Life is not a calm river

Life is not a calm river

I venture here for the first time with the humble intention of sharing my personal observations and experiences related to emotions, stress and muscle tension.

For more than a year, our basic needs for safety, belonging and physical contact have been put to the test. We live in isolation, we work and study remotely, we are limited in our choice of activities. One in three people in my office say they are stressed, tired, anxious, have insomnia.

Stress when it is well lived does not cause any problem, it is even necessary for the survival of the species. It is the body's ability to mobilize and deal with danger. I have the image of the gazelle being chased by the predator in the savannah. If she doesn't mobilize all her energy, there won't be two possible scenarios...

The human species is the same. Once the stressful situation has passed, one should be able to self-regulate and return to normal. It is a stress well experienced and well managed.

On the other hand, when the stressful situation persists over time, or the agent or the stressor is too intense, we find ourselves in a state of prolonged fight or flight alert.

This state of alert triggers multiple physiological reactions including the production of neurotransmitters and energizing hormones (epinephrines and corticosteroids) secreted by the adrenal glands. When the level of these hormones in the blood is high, serotonin and dopamine (the hormone of well-being and relaxation) are inhibited. The parasympathetic nervous system responsible for digestion and relaxation no longer functions properly. This leads to several health problems: insomnia, poor digestion, muscle cramps and tension, fatigue, weakened immune system and, in more severe cases, exhaustion and depression. !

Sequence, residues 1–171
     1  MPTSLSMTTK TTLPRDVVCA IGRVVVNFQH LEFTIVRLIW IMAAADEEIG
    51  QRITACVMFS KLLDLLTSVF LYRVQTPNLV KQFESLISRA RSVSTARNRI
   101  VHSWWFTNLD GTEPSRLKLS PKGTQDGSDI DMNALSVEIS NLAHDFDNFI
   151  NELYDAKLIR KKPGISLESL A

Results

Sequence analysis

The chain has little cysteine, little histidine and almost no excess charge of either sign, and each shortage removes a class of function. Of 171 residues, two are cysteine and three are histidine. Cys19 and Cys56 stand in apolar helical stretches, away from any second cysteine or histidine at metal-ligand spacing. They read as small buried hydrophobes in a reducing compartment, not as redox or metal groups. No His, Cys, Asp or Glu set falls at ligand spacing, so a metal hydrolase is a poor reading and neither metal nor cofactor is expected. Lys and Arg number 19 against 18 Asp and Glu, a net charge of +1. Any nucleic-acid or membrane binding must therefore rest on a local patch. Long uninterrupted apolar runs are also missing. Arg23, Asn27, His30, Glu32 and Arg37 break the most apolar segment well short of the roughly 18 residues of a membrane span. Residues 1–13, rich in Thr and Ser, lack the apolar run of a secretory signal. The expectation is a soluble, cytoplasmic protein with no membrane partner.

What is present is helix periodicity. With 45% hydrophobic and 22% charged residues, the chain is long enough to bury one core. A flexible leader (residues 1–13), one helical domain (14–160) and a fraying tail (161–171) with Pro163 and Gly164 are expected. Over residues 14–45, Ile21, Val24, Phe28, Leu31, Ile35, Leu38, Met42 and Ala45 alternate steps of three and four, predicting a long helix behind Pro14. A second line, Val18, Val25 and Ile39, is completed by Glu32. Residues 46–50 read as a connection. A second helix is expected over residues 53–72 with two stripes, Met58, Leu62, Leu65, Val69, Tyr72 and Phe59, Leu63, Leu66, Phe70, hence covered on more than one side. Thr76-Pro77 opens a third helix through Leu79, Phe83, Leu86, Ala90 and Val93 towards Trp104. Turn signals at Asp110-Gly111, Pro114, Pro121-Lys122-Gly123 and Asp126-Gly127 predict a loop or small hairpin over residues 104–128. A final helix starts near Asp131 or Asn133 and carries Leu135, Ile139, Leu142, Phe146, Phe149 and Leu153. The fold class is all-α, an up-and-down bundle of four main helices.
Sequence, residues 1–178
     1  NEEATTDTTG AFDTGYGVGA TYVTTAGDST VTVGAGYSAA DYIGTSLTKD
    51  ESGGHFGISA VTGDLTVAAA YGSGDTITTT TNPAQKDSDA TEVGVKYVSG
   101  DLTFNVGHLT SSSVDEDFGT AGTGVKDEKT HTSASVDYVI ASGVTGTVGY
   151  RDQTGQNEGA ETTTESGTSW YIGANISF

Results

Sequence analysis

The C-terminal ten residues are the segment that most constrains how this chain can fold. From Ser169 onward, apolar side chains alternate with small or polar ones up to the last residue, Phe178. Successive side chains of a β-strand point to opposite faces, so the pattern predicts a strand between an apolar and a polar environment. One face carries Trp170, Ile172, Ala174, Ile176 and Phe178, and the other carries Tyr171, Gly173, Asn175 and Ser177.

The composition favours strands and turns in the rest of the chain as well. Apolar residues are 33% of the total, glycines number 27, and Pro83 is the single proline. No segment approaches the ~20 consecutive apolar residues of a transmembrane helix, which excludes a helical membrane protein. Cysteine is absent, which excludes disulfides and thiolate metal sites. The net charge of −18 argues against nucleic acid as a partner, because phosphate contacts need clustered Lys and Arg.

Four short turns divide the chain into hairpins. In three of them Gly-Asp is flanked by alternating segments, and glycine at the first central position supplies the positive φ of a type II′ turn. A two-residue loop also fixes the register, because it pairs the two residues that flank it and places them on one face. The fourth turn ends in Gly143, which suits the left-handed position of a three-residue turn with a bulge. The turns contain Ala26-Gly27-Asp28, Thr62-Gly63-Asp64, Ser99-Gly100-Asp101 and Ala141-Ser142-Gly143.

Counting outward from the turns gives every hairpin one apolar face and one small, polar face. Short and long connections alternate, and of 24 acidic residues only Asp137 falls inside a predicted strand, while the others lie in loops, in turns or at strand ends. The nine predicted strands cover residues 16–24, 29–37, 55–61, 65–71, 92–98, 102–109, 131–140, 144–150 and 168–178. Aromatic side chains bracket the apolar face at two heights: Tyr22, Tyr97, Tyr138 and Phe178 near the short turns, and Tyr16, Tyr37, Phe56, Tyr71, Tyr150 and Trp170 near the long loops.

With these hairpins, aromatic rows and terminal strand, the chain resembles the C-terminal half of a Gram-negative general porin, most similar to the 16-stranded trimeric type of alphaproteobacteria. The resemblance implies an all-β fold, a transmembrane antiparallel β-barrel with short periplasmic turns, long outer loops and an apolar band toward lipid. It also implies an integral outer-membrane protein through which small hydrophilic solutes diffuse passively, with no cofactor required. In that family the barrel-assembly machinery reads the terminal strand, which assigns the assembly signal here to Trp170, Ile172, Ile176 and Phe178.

As a massage therapist, I focus on the muscular tensions of my clients. What I've been noticing lately is that no matter how often you visit, the muscle tension comes back if the emotional stress isn't resolved. Blocked or badly experienced emotions have the power to turn into muscle tension. 

What good is voltage?!

We contract to avoid feeling physical discomfort or pain, but also to avoid feeling an emotion. Muscular e$ort is then a means of pushing back the emotion of consciousness and decreasing the intensity. At other times, it serves to push back or partially hold back the expression of that emotion. For example the expression of anger. It is with the body and not with the spirit that I will contain it. We contract, back, neck, jaw .. We end up with a nice headache. Tension also builds in an insidious way if we are not aware of it.

What to do with tension?!

Relieving tension through manual therapy is fine, but the first thing to do is release the emotion that is being controlled. How? I want to say with deep breathing, making myself receptive to the feeling in full awareness of what I need to control or block. It sounds simple, but in reality we are not so open to the idea of ​​opening up to painful emotions. Good will is not enough. !

I share with you my toolbox for stress management:

-Deep breathing exercises, mediation, yoga
– Management of nutritional stress with a naturopath or nutritionist as needed!
– Acupuncture and manual therapies. At Kinesis, we have excellent therapists
– Exercise of min 30 — 45#min per day at high intensity, outdoor outings!

Good stress management and looking forward to seeing you!

Marieta Tisheva

Massage therapist